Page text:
return m1.name < m2.name;
    }
private:
    std::string name;
};

int main(){
  
  std::cout << std::boolalpha << '\n';
  
  Apple apple1{5};
  Apple apple2{10}; 
  std::cout << "apple1 < apple2: " << (apple1 < apple2) << '\n';
  std::cout << "apple1 > apple2: " << (apple1 > apple2) << '\n';
  std::cout << "apple1 == apple2: " << (apple1 == apple2) << '\n';
  std::cout << "apple1 != apple2: " << (apple1 != apple2) << '\n';
  std::cout << "apple1 <= apple2: " << (apple1 <= apple2) << '\n';
  std::cout << "apple1 >= apple2: " << (apple1 >= apple2) << '\n';
  
  std::cout << '\n';
    
  Man man1{"grimm"};
  Man man2{"jaud"};
  std::cout << "man1 < man2: " << (man1 < man2) << '\n'; 
  std::cout << "man1 > man2: " << (man1 > man2) << '\n'; 
  std::cout << "man1 == man2: " << (man1 == man2) << '\n'; 
  std::cout << "man1 != man2: " << (man1 != man2) << '\n';
  std::cout << "man1 <= man2: " << (man1 <= man2) << '\n';
  std::cout << "man1 >= man2: " << (man1 >= man2) << '\n';
  
  std::cout << '\n';
    
}

 

I've implemented for the Apple and Man the smaller operator (lines 1 and 2).  For simplicity, I only use the class Man in my argumentation.  Man is public derived from the class Relational<Man> (line 3) using CRTP. The class Relational supports the five missing relational operators (<=, <,>=, ==, and !=).  The five relations operators are mapped onto the less operator of Man (line 2). 

mixins

Honestly, I like the name mixins for this idiom. The class Relational mixes the remaining relational operators into the class Man.

The characteristic of CRTP is that a class Derived derives from a class template Base and Base has Derived as a template argument:

class Derived : public Base<Derived>      // (1)
{
    ...
};

class Derivedwrong : public Base<Derived> // (2)
{
    ...
};

 

How can you ensure that you are not erroneously derived the wrong class DervivedWrong from Base<Derived> such as in line 2?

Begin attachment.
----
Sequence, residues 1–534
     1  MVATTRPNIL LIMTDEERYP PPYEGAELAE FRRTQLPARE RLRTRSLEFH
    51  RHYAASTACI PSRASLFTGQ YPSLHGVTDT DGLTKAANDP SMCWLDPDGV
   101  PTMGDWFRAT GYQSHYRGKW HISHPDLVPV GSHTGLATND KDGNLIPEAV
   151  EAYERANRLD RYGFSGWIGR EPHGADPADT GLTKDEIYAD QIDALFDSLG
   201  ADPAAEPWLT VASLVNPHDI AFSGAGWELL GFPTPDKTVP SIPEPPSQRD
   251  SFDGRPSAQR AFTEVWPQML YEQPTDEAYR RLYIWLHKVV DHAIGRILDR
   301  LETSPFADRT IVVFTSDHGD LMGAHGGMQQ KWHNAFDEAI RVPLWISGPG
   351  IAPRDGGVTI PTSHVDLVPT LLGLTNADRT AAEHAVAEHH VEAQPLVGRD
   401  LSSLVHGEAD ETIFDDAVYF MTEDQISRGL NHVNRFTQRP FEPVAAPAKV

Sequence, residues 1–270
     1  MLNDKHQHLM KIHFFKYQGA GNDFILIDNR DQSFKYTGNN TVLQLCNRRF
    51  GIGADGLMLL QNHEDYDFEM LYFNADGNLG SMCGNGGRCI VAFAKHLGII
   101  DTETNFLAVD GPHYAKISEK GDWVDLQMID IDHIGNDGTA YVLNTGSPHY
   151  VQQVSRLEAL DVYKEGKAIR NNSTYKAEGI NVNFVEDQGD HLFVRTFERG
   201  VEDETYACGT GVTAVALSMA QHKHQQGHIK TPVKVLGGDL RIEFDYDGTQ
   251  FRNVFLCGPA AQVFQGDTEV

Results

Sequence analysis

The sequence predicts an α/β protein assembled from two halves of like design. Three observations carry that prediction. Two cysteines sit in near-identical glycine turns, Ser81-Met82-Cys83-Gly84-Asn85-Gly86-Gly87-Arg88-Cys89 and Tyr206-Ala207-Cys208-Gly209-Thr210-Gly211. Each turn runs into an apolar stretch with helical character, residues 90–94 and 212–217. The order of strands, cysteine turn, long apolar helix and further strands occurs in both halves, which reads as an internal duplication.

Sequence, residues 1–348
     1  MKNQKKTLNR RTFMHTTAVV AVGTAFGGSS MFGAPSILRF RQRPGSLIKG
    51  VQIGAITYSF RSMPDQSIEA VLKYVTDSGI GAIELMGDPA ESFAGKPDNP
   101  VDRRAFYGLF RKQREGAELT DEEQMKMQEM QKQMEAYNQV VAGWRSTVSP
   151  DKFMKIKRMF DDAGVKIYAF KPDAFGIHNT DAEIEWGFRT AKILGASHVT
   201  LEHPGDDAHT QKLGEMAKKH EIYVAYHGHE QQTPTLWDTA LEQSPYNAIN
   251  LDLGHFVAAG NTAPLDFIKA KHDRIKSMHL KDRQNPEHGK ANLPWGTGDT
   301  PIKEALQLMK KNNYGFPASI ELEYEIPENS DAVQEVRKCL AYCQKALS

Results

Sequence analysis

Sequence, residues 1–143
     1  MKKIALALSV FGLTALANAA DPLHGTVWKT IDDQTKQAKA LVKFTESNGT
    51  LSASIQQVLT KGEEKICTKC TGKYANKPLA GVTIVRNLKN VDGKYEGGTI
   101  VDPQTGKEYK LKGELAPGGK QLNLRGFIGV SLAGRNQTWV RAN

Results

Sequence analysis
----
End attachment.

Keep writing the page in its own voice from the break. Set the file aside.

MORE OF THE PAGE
Checked CRTP

The trick is straightforward: make the constructor of Base private.

// crtpCheck.cpp

#include <iostream>

template <typename Derived>
struct Base{
  void interface(){
    static_cast<Derived*>(this)->implementation();
  }
private:
    Base() = default;             // (2)
    friend Derived;               // (2)
};

struct Derived1: Base<Derived1>{
  void implementation(){
    std::cout << "Implementation Derived1" << '\n';
  }
};

struct Derived2: Base<Derived1>{   // (3)
  void implementation(){
    std::cout << "Implementation Derived1" << '\n';
  }
};

template <typename T>
void execute(T& base){
    base.interface();
}

int main(){
  
  std::cout << '\n';
  
  Derived1 d1;
  execute(d1);
    
  Derived2 d2;
  execute(d2);
  
  std::cout << '\n';
  
}

 

Base has a private default constructor (line 1). Only class Base itself or the friend Derived (line 2) can invoke the default constructor. Consequentially, the call Derived2 d2 (line 3) fails, because Derived2 is derived from Base<Derived1>. Here is the error message from GCC:

crtpCheck

What's next?

The Curiously Recurring Template Pattern (CRTP) is not easy to understand, but very powerful. The same holds for expression templates. Expression templates allow you to get rid of superfluous temporaries.

 

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Comments   

0 #1 FM 2022-04-21 19:32
Can you mention the impact of "deducing this" P0847R7/C++23 on CRTP please? I guess It'd be a lot cleaner if std::enable_shared_from_this be decorated to std::share_self with no template parameters but deduced this instead.
Quote
0 #2 Rainer 2022-05-10 17:00
Quoting FM:
Can you mention the impact of "deducing this" P0847R7/C++23 on CRTP please? I guess It'd be a lot cleaner if std::enable_shared_from_this be decorated to std::share_self with no template parameters but deduced this instead.

I will write about C++23 upcoming posts.
Quote